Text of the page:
An antidote to this sense of profound unreality of mass media was the undeniable, unshakable reality of live performance. Writing about this moment in performance, Hans-Thies Lehmann would later note that while a flickering image of a chair is a material sign of sorts, it is precisely not a material chair. In theatre, the sign and the thing are as close as they can be: on stage, a real chair is representing another real chair, a real person another real person. When the performer is tired, they sweat real sweat. When they are cut, they bleed. As Heiner Müller said, “And the specificity of theatre is precisely not the presence of the live actor but the presence of the one who is potentially dying.” This was a comforting thought, given the context.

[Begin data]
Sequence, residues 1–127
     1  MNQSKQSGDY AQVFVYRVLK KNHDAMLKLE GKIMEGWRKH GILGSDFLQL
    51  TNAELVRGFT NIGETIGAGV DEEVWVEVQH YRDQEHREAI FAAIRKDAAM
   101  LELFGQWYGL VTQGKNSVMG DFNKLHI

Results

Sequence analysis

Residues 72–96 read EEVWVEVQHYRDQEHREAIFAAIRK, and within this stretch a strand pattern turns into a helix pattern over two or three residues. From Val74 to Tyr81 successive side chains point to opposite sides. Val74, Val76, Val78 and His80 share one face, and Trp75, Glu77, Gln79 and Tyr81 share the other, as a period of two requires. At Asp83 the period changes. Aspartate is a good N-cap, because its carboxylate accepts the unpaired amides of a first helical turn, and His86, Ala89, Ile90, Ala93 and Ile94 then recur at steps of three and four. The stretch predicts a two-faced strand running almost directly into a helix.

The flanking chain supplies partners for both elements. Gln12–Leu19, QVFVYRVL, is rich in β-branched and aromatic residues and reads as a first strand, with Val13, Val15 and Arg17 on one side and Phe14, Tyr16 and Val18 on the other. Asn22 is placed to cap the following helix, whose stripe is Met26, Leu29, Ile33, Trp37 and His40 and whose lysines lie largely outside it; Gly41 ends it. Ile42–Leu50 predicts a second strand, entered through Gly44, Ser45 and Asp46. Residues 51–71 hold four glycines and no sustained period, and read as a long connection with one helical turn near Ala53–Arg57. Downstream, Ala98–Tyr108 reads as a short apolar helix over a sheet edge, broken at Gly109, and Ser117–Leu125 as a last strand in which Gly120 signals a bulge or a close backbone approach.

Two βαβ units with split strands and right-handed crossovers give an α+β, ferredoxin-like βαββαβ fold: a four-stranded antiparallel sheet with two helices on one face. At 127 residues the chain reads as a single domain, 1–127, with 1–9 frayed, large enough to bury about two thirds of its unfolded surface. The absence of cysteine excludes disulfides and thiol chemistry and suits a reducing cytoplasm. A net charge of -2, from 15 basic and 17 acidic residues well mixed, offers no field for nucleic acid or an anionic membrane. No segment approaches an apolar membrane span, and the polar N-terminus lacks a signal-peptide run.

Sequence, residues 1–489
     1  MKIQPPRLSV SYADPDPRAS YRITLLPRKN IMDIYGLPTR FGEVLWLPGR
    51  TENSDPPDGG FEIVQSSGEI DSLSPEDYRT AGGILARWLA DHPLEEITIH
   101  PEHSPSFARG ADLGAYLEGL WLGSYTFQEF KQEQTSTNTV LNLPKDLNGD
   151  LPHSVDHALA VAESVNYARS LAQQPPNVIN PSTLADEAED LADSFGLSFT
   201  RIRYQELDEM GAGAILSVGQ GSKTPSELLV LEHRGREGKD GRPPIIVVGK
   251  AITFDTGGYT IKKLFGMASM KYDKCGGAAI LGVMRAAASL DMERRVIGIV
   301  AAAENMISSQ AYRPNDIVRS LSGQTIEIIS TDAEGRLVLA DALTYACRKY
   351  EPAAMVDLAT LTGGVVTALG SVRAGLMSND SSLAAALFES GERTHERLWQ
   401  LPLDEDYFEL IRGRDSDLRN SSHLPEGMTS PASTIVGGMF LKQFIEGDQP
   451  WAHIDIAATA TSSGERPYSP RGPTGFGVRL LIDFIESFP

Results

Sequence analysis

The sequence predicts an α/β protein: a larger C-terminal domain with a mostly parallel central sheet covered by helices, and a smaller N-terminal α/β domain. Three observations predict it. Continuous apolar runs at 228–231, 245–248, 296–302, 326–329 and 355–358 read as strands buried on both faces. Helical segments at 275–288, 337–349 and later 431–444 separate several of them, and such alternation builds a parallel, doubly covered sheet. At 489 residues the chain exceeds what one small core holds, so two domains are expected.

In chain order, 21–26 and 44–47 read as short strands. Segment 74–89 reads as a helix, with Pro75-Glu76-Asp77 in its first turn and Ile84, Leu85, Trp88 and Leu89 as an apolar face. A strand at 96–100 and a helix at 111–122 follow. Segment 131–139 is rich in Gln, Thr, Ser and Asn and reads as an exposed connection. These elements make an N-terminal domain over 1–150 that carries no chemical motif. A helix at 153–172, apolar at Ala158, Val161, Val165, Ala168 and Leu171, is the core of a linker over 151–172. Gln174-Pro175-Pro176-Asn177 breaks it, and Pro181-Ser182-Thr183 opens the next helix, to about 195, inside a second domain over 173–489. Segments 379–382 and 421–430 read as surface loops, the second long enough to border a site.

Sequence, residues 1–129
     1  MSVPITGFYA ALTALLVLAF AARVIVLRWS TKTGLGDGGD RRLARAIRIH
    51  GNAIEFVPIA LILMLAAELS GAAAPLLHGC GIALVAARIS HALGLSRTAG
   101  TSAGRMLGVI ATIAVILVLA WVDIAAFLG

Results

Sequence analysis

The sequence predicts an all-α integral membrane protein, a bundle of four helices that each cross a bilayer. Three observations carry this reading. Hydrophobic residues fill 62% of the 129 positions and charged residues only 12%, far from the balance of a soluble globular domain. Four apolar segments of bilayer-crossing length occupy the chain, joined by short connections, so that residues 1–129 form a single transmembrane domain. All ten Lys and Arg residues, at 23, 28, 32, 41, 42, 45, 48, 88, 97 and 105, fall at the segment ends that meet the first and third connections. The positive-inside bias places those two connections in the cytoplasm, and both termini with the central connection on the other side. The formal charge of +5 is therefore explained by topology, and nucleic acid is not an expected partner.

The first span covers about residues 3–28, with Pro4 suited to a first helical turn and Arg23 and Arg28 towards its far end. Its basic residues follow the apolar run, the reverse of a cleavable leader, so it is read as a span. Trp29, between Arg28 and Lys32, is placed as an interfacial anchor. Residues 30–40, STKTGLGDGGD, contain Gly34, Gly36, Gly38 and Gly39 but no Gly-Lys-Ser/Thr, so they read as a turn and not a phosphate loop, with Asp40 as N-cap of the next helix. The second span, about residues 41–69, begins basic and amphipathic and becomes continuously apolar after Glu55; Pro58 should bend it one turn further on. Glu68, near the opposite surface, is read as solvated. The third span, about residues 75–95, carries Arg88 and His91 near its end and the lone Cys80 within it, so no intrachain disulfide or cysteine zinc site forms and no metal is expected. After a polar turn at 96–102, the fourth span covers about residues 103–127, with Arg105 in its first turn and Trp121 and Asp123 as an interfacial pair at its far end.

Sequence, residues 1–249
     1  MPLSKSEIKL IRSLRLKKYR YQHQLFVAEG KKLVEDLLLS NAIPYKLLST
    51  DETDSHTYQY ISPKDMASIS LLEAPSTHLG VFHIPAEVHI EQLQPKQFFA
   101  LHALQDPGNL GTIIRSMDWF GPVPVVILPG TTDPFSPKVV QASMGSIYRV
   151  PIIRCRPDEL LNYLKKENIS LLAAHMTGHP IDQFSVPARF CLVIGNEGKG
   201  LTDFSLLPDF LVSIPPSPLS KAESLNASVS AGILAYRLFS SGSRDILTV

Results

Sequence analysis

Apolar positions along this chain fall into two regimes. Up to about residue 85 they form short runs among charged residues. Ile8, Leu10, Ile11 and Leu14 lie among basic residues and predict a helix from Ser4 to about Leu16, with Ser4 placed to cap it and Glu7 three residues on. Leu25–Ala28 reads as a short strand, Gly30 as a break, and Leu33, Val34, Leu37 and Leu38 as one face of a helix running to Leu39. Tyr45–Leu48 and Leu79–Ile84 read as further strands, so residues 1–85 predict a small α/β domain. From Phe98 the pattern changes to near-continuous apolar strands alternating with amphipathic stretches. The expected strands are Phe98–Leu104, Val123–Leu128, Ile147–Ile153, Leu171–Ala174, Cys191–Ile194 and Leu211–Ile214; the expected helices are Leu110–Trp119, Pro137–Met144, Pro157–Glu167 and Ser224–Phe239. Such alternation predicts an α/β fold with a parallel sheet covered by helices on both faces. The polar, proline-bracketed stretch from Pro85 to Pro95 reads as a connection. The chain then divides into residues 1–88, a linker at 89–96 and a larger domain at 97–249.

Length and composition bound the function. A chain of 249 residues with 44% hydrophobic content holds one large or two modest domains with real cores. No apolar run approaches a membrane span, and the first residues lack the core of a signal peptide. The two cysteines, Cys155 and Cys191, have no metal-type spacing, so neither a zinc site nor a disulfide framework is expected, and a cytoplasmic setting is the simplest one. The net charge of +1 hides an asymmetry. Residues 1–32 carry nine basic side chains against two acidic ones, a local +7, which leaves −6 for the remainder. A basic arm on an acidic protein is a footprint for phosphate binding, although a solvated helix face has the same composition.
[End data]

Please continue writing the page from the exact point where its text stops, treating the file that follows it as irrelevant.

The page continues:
Melbourne theatre lagged behind. In 2005, when I landed, mimesis was still going strong and going unquestioned. This seemed strange and not quite right, given the political context. The Australia that I arrived in was John Howard’s country, and it occurs to me now that during that time we witnessed Australian media’s own precipitous divorce from fact-based reality. Rewriting of lived experience with the Children Overboard scandal, rewriting of international law with multiple innovative ways of locking up refugees, rewriting of legal process with the Australian Wheat Board affair this was top-down postmodernism of the highest order. (It was also gaslighting on a national scale, but we didn’t then have the word.) I knew this sense of unreality; that was why theatre had become such a cultural force for my generation in Croatia. And yet, Melbourne Theatre Company was staging West Wing entertainment. It was staging Don Juan in Soho… It was Sydney that responded most ferociously to John Howard, probably thanks to its long history of mixed-media live performance. Version 1.0 created theatrical reenactments of these implausible television performances, turning them on themselves with something between detached puzzlement and burning rage (A Certain Maritime Incident and Deeply Offensive and Utterly Untrue). Early post and Team MESS followed on, challenging the mainstream semiotic constellations of the time.